Vietnam Travel Guide - with Wired Destinations
Discount Hotels in Vietnam : Hanoi, Ho Chi Minh City (Saigon), Dalat, Danang, Hoi An, Hue, Nha Trang, Vung Tau, Halong, Hai Phong, Chau Doc, Binh Dinh, Can Tho, Lao Cai, Phan Thiet, Long Hai, Phu Quoc, Ninh Binh, Nghe An (Vinh), Dien Bien
Vietnam Dining – with Wired Destinations
Food is a major attraction of the Vietnam culture. The food of Vietnam is well known around the world for it's unique spices, distinct flavors and cheap price. Food is so cheap that practically every meal is enjoyed in a restaurant or in the mists of a street vendor. Vietnamese food has also been deeply and widely influenced by many different national flavors. The basis of almost every Vietnamese meal is rice or noodles. Pork is the more typical meat as opposed to chicken or beef. On special occasions, savory dishes are made using duck.
Vietnamese cooking is very appetizing. Fresh herbs, including basil, lemon grass, laska leaf, parsley, coriander, chili and lime, are often used.
The national noodle soup, Pho soup, is usually always accompanied by a big heaping serving of bean sprouts, mint leaves, basil, lemon, and slices of hot peppers. A fermented fish sauce made from salted anchovies is the national condiment. It is usually served with every meal.
At a typical meal, the family gathers together around a low table to enjoy their feast. Rice is served in single servings in individual bowls. The vegetables and meat are served in communal dishes and people individually use their own chopsticks to serve themselves. Eating is considered to be a very social experience by the Vietnamese and they take their food very seriously.
Vietnamese cuisine is mostly made of fresh vegetables and herbs. The tradition is to have fresh vegetables or fresh herbs served along with dipping sauce and rice. Vietnamese dishes commonly include chicken, pork, beef and seafood, while duck and goat are less often used. There is also a wide variety of vegetarian dishes that are good for one’s health. Here are some of the most famous Vietnamese dishes. Pho is Vietnam’s most well known dish that originated in the north of Vietnam. It is made of noodles and is served with beef, meat or chicken. The dish is garnished with herbs such as green onions, basil, chili peppers, lime wedges and coriander leaves. These are usually served on a separate plate that allows customers to add to their soup themselves. Though commonly eaten for breakfast, many Vietnamese still prefer to have it for lunch and dinner.
Beef Pho is the most commonly served version. Banh Chung or sticky rice cake is a traditional dish served during the Tet (Lunar New Year). It is made of rice with pork and green beans and is wrapped in bamboo leaves. Banh Chung is available throughout the year, though it must be part of the Tet festival. These rice cakes are eaten with gio lua (meat pie) and hanh muoi (sour onions).
Cha Ca or grilled minced fish is made of fish such as sturgeon and tuna. It has been a Vietnamese favorite for over a century. Before eating, the customers can add their own condiments, from coriander, mint, shallots and a lot more to create their own style of meal.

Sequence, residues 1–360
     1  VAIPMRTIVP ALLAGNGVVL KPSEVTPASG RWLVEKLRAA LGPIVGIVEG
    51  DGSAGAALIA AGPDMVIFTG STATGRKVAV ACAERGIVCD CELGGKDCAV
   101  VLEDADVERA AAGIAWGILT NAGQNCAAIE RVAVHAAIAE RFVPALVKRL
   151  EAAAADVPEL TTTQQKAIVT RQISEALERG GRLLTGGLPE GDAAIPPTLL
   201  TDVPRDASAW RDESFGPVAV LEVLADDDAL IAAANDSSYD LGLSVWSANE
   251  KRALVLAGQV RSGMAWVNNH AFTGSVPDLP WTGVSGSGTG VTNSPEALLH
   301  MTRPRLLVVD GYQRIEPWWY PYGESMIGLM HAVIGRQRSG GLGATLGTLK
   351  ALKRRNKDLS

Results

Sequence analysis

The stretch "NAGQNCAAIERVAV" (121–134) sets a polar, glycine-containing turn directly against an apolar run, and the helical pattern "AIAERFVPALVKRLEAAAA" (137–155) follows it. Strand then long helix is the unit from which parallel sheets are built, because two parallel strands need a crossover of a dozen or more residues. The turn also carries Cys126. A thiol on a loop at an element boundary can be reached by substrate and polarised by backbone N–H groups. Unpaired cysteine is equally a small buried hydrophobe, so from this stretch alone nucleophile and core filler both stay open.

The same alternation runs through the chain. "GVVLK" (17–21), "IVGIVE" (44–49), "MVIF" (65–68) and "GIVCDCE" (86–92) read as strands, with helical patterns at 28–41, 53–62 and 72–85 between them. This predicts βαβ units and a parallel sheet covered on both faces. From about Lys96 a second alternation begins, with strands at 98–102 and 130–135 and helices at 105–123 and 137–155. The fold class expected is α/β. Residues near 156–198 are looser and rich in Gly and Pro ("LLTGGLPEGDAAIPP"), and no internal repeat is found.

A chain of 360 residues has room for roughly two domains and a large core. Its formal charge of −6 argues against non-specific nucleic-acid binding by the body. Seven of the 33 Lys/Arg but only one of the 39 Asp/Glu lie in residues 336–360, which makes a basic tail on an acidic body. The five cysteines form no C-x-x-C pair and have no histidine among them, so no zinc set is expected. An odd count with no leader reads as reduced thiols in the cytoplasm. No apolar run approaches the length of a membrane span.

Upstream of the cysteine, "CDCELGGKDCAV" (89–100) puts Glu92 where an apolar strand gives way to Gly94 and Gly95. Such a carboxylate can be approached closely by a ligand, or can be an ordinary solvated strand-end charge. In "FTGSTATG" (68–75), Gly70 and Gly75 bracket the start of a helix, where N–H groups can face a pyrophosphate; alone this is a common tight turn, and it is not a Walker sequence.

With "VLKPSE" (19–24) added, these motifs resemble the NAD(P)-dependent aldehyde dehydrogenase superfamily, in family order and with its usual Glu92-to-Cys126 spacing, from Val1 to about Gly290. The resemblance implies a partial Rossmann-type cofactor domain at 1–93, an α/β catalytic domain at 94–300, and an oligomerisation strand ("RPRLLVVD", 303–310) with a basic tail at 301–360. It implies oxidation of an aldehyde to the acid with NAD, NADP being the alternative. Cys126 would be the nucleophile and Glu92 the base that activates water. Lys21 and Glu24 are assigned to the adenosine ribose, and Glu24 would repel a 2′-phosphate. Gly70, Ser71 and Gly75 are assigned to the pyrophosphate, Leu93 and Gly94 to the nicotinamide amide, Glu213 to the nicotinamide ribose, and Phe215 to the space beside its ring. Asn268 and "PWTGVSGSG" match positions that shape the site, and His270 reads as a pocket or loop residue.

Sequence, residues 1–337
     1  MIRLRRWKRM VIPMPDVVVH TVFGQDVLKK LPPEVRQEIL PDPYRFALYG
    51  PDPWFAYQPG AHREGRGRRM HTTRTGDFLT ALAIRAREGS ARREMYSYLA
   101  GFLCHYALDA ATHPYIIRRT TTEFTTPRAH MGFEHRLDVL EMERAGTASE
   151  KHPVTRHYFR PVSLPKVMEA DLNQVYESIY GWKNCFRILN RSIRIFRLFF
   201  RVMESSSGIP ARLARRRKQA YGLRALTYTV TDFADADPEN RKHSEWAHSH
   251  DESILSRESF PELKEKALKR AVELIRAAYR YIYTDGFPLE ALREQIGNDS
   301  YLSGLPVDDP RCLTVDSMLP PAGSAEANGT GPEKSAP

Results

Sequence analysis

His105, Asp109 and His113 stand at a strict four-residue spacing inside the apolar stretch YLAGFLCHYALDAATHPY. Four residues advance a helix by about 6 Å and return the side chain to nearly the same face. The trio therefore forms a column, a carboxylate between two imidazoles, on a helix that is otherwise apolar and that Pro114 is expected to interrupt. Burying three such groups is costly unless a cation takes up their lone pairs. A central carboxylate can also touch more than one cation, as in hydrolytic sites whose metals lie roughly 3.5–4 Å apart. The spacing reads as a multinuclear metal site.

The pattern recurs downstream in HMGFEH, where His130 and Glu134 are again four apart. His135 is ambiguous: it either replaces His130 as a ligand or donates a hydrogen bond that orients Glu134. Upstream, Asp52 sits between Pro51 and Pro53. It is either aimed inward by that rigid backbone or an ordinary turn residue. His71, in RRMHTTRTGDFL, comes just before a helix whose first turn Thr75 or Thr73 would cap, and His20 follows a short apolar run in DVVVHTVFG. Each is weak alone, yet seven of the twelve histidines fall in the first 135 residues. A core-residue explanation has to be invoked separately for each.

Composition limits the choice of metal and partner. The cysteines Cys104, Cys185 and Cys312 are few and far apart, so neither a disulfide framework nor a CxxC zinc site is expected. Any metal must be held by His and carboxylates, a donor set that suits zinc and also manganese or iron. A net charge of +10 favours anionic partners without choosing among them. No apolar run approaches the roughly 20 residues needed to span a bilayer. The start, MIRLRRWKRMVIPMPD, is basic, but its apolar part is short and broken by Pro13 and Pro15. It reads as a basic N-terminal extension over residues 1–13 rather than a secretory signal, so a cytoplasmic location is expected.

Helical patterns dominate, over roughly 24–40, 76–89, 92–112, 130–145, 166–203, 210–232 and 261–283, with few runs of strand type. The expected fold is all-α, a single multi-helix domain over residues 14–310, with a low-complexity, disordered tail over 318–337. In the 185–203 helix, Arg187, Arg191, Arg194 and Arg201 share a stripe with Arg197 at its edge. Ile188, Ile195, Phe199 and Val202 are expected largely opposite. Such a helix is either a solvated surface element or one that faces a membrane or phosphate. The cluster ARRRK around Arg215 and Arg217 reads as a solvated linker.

Banh Cuon or rice flour rolls are often eaten for breakfast. This dish is very delicious when they are dipped in either a sweet, sour or spicy sauce. It is also eaten with a variety of side dishes, such as shrimps, mushrooms, meat, dried onions, fish sauce and pepper. The most famous area of serving Banh Cuon is Hanoi in northern Vietnam.
Danang or Faifo Danity is a dish named after a street in Hoi An. The dish is made by boiling rice quickly which makes it turn dark-yellow in color. The filling for it consists of pork and other herbs. This is a fairly unknown food in most areas of the country; however, it is often plated in some restaurants in Ho Chi Minh City hotels.
Hue Noodle Soup consists of shredded meat and noodles. It requires years of experience to cook a delicious Hue noodle soup. Most restaurants in Hue buy the noodles from Van Cu or Bao Vinh, which are two nearby villages that are popular for doing excellent rice noodles. The dish is served with soy bean, meat, lemon grass, fish sauce and other different kinds of lettuce.
Banh Cuon Tran Bang are rice cakes that are often eaten with seafood, salad, meat or coriander during the Tet festival. The cakes are thick and placed in nylon bags. Travelers who want to try this may find it in Trang Bang, a village located around 40 km from Ho Chi Minh City.
Bia Hoi is a traditional Vietnamese draft beer. This isn’t simply an old brew, but is a special Vietnamese beer sold in food stands around the country, mostly found in Hanoi. The beer is sold early morning every day by three major factories in Hanoi. Sometimes you can see young Vietnamese men selling Bai Hoi on motorbikes as well.
Your Vietnam Travel Guide has all the Vietnam Travel Tips with Vietnam Travel info on Vietnam Sightseeing, Vietnam Dining and Vietnam Transport. Also have a look at our recommended Vietnam hotels
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, Hue hotels and Phu Quoc hotels
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